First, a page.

The 68th Primetime Emmy Awards arrive on Sunday (8 p.m. on ABC), and while some of my favorite shows, like Game of Thrones and Veep, are expected to walk away with a boatload of trophies, there are several nominated performances by African-American stars for whom I’m rooting. And because we all love to see black people win awards, here are the categories you should watch—with my predictions on how the nominees will do.
Lead Actress in a Drama
Viola Davis, How to Get Away with Murder (ABC)
Taraji P. Henson, Empire (Fox)
Claire Danes, Homeland (Showtime)
Tatiana Maslany, Orphan Black (BBC America)
Robin Wright, House of Cards (Netflix)
Keri Russell, The Americans (FX)
This is déjà vu all over again for Davis and Henson, who were both nominated in the category last year. Davis made history by becoming the first African-American woman to win in this category, and she gave a speech for the ages (which caused a flood of white tears).
Who will win: Viola Davis, though this is a close call because Robin Wright took Claire Underwood’s conniving misdeeds to a whole new level on the fourth season of House of Cards.
Who should win: Tatiana Maslany, who is the hardest-working woman on TV for her ability to give each and every one of those clones she plays on Orphan Black such distinct and quirky personalities.
Lead Actor in a Comedy
Anthony Anderson, Black-ish (ABC)
William H. Macy, Shameless (Showtime)
Jeffrey Tambor, Transparent (Amazon)
Will Forte, Last Man on Earth (Fox)
Aziz Ansari, Master of None (Netflix)
Thomas Middleditch, Silicon Valley (HBO)
This is Anthony Anderson’s second nomination for his role on Black-ish, and since he’s unlikely to win, we’ll just have to appreciate his priceless reaction to his nomination.
Who will win: Jeffrey Tambor. He won last year for his incredible performance as a transgender woman whose family struggles to deal with the new reality. He was even better in the second season, as Tambor’s Maura grappled with the complexities of womanhood.
Who should win: Tambor.
Lead Actress in a Comedy
Tracee Ellis Ross, Black-ish (ABC)
Julia Louis-Dreyfus, Veep (HBO)
Amy Schumer, Inside Amy Schumer (Comedy Central)
Lily Tomlin, Grace and Frankie (Netflix)
Ellie Kemper, Unbreakable Kimmy Schmidt (Netflix)
Laurie Metcalf, Getting On (HBO)
Homegirl Tracee Ellis is the first black woman in 30 years to be nominated in this category. She joins five legendary black women—Diahann Carroll (Julia), Isabel Sanford (The Jeffersons), Nell Carter (Gimme a Break!) and Phylicia Rashad (The Cosby Show)—to be nominated in the category at all.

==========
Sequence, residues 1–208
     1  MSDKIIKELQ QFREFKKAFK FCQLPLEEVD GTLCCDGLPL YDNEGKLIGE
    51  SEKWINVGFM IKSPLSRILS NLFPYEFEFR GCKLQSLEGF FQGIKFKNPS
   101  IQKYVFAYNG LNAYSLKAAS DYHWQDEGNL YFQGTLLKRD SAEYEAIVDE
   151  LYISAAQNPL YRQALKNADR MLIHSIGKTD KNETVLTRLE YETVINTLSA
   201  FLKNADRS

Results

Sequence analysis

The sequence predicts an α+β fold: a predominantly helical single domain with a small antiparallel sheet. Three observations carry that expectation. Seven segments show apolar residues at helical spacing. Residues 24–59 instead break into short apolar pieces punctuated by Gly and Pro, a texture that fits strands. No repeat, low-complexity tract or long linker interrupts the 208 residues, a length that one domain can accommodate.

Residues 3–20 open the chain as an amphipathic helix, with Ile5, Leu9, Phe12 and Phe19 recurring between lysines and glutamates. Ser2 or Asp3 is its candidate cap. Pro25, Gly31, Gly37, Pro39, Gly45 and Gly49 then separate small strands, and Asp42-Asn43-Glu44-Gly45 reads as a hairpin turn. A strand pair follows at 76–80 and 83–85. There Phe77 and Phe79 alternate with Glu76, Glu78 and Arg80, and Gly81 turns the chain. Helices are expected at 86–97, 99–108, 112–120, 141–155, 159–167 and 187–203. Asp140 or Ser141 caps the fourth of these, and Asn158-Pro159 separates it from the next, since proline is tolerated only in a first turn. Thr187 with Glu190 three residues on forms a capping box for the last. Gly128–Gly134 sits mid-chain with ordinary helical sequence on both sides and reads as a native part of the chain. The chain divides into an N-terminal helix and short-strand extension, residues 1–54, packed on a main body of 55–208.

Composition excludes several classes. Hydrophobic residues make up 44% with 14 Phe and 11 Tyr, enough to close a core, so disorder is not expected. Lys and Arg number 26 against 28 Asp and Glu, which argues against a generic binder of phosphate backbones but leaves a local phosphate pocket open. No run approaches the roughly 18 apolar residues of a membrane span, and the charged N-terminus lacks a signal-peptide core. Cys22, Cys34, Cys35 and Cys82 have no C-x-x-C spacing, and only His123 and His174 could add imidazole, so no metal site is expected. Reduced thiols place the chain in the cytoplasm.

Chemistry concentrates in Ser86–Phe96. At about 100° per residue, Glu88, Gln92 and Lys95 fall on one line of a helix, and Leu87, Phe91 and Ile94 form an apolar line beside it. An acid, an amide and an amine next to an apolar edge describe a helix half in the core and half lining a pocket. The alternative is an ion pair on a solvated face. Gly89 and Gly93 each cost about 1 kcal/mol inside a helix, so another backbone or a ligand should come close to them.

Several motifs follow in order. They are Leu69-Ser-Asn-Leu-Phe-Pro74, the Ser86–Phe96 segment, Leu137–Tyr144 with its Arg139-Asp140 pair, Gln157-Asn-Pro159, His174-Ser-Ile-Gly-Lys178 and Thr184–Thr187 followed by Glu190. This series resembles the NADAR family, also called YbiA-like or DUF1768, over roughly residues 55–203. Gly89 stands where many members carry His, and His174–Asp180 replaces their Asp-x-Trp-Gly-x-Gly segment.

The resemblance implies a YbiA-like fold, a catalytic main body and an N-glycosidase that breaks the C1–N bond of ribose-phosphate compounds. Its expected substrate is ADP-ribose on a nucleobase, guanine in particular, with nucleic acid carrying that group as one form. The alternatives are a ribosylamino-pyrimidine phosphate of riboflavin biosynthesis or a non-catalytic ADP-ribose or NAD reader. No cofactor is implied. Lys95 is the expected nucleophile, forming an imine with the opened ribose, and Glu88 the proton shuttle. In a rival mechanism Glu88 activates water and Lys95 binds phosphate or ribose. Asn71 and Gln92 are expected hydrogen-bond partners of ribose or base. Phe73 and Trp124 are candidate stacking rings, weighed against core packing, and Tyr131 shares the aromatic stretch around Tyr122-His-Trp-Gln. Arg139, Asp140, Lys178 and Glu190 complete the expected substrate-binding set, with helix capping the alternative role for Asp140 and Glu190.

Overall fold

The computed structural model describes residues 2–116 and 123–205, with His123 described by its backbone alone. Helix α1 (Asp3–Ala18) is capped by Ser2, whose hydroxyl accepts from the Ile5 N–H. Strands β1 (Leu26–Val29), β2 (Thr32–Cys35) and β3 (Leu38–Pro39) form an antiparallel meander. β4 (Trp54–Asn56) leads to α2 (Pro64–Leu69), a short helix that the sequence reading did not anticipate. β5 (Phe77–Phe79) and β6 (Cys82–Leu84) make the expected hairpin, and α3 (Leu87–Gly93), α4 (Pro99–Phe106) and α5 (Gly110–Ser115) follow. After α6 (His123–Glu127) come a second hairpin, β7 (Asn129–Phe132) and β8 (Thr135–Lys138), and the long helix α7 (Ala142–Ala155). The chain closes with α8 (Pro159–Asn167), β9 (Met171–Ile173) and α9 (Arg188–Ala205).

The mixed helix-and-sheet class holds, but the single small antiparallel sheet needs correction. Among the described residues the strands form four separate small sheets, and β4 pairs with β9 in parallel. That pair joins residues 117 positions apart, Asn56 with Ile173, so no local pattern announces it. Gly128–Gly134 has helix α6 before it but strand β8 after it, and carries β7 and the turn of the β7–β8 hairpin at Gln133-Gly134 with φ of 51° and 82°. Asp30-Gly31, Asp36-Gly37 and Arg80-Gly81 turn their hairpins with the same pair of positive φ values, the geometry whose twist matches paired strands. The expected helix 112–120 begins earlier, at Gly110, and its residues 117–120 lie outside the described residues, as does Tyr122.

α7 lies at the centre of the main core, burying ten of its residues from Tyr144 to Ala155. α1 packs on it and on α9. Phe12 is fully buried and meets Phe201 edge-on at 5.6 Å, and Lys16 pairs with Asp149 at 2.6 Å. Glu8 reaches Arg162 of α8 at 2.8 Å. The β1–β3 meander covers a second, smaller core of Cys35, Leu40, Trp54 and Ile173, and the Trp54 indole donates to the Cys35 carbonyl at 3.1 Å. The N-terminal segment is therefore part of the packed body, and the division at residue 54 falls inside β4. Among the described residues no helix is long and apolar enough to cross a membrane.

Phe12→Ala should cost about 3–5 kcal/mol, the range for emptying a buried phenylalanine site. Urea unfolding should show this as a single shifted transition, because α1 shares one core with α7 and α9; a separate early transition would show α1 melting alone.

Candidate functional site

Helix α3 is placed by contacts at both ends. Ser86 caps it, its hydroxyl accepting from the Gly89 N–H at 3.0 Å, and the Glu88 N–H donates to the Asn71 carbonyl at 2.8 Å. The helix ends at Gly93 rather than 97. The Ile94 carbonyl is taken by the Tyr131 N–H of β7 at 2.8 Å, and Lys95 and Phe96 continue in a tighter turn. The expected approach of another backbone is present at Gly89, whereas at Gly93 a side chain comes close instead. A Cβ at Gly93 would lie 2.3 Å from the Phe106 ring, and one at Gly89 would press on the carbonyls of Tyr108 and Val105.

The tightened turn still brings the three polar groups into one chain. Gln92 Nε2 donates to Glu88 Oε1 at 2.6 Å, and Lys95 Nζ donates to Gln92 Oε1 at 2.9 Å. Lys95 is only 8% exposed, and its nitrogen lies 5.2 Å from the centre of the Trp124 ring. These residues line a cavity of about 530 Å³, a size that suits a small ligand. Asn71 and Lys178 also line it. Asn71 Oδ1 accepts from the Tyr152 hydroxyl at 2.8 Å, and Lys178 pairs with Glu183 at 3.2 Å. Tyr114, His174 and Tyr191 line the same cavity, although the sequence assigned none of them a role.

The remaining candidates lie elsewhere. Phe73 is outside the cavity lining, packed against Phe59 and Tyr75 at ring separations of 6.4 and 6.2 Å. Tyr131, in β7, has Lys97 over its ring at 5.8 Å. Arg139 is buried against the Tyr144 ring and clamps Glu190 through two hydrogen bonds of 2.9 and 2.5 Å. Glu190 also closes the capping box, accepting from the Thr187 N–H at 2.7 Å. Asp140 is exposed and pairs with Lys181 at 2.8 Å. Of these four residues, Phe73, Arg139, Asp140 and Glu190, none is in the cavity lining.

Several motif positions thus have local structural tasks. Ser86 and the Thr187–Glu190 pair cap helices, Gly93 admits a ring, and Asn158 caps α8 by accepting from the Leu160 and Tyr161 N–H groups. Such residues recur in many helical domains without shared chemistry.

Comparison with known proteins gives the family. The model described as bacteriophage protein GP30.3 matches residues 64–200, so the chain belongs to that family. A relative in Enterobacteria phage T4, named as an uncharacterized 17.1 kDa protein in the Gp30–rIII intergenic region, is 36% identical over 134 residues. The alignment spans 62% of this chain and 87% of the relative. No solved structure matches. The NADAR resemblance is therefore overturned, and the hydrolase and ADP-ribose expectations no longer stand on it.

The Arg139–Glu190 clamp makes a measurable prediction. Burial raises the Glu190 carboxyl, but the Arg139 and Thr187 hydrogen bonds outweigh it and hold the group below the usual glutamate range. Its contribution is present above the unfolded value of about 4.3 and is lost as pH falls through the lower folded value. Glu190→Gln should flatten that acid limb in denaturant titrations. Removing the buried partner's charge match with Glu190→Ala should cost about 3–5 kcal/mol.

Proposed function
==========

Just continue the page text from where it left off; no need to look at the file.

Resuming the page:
Who will win: Julia Louis-Dreyfus. She’s won the award two years in a row and pretty much has a stranglehold on it.
Who should win: Louis-Dreyfus.
Supporting Actor in a Comedy
Andre Braugher, Brooklyn Nine-Nine Fox
Keegan-Michael Key, Key & Peele (Comedy Central)
Tituss Burgess, Unbreakable Kimmy Schmidt (Netflix)
Ty Burrell, Modern Family (ABC)
Tony Hale, Veep (HBO)
Louie Anderson, Baskets (FX)
Matt Walsh, Veep (HBO)
Who will win: Tony Hale, because Veep is going to win everything.
Who should win: Keegan-Michael Key. The final season of K&P was one of the best, and throughout the show’s run, Key created some of the most memorable characters, from Luther, Obama’s anger translator, to the substitute teacher who can’t pronounce white kids’ names.
Modern Family (ABC)
Silicon Valley (HBO)
Unbreakable Kimmy Schmidt (Netflix)
Master of None (Netflix)
Who will win: Veep. The political comedy won for the first time last year after four nominations, and it will repeat this year.
Who should win: Transparent.
The People v. O.J. Simpson: American Crime Story (FX)
American Crime (ABC)
The Night Manager (AMC)
Who will win: The People v. O.J. Simpson. As someone who lived through the real Simpson trial, I was blown away by how well this miniseries made this story seem fresh and exciting, driven mainly by several excellent, Emmy-nominated performances (more on that).